I take these articles with a grain of salt. For one thing, the engines are designed by engineers who pick the materials, and specify the clearences. There is a tendency to assume that all engines were designed the same way, as if the rules were set as law and that's just the way it's done. Nothing could be further from the truth.

If I were you, I would ask myself, "Who knows the requirments better? The Person who designed the motor in question and tested it and is now responsible for it meeting claims or the 'other guy' who has an opinion about all engines but no responsibility? Who's going to pay for it if you void your warrenty and screw your engine up?"

The sticker on tail on my TE450 says to take it easy for the first 4 hours. Is that realy a lot to ask? Your spending $$$$ on the bike, why take a chance for 4 hour time?

My 2 cents.

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my bike shop told me to just ride the bike like I would ride it normally, don't worry about any sort of break it, if I want to ride it hard, do it, just don't go overboard and abuse it. The service man there DID tell me though that he notices people who ride their bikes hard right from brand new tend to have FASTER and more powerful motors then people who break their motors in slowly. This would go hand in hand with the article in the link above.

Oh and the service guy also told me that Husky ships these bikes with a FULL SYNTHETIC oil in them as brand new. That article says that full synthetic in a brand new engine is not a good thing because the rings won't get fully seated... but again, who knows, everybody has their own take on how to break in an engine I guess...

I would assume these engines are designed to last a VERY LONG time no matter how you break it in..

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my bike shop told me to just ride the bike like I would ride it normally, don't worry about any sort of break it, if I want to ride it hard, do it, just don't go overboard and abuse it. The service man there DID tell me though that he notices people who ride their bikes hard right from brand new tend to have FASTER and more powerful motors then people who break their motors in slowly. This would go hand in hand with the article in the link above.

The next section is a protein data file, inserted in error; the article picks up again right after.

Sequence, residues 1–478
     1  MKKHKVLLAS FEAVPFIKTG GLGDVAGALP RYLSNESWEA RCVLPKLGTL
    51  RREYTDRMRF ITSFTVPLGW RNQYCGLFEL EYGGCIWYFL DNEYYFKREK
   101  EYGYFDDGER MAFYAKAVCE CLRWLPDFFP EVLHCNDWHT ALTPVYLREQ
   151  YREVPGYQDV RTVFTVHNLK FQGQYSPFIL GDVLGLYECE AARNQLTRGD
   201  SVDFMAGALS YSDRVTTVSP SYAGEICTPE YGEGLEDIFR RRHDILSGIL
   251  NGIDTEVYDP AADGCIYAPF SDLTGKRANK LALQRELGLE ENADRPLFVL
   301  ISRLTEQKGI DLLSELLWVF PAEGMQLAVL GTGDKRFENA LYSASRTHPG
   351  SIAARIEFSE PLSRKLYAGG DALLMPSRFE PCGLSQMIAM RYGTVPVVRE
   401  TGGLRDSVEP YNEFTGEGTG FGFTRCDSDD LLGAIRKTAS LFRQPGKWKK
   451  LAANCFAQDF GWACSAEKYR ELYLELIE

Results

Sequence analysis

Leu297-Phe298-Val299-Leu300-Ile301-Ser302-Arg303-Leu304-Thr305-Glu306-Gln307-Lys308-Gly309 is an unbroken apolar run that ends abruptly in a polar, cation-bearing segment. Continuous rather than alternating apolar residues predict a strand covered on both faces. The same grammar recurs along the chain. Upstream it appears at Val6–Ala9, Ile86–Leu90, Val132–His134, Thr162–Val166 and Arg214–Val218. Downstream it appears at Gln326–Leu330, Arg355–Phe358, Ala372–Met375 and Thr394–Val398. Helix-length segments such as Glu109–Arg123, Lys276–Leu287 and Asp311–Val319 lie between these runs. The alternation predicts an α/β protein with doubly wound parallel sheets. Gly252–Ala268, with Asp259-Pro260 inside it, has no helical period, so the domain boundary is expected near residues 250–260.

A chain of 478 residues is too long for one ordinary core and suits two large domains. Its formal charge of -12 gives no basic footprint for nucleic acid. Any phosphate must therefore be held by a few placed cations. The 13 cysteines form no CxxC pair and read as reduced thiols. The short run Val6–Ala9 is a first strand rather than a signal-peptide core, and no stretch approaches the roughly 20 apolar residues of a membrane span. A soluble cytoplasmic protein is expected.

Oh and the service guy also told me that Husky ships these bikes with a FULL SYNTHETIC oil in them as brand new. That article says that full synthetic in a brand new engine is not a good thing because the rings won't get fully seated... but again, who knows, everybody has their own take on how to break in an engine I guess...

I would assume these engines are designed to last a VERY LONG time no matter how you break it in..

Of coarse they would tell you that. 1) Again, the guy that sells you the bike is not an engineer, or an expert in metallurgy. Does he know the temperature and time for the rings to lose hardness or anneal? Yes, seating the rings is a large part of breaking in motor. But you need to do it withour ruining the rings through local excessive frictional heat. Also, most cams need some early TLC also. 2) Does he realy care? Worst case for him is he'll get to sell you a new bike sooner.

Look, I'm not saying all sales and sevice people are malicious. They do realy belive they know. But the guy that wrote the manual, asked the engineer who KNOWS what to put in the manual. He calculated it. He measured it. He tested it. He knows. His job relies on him being right. And if, anybody comes up with an engine that does not need break in, they'd advertise it. It's a selling point. Problem is, physics gets in the way. (BTW in the 80's (?) Nissan did just that. But they stopped saying no breakin because of ring problems. Some of the cars started burning oil at around 20,000 miles as I recall.)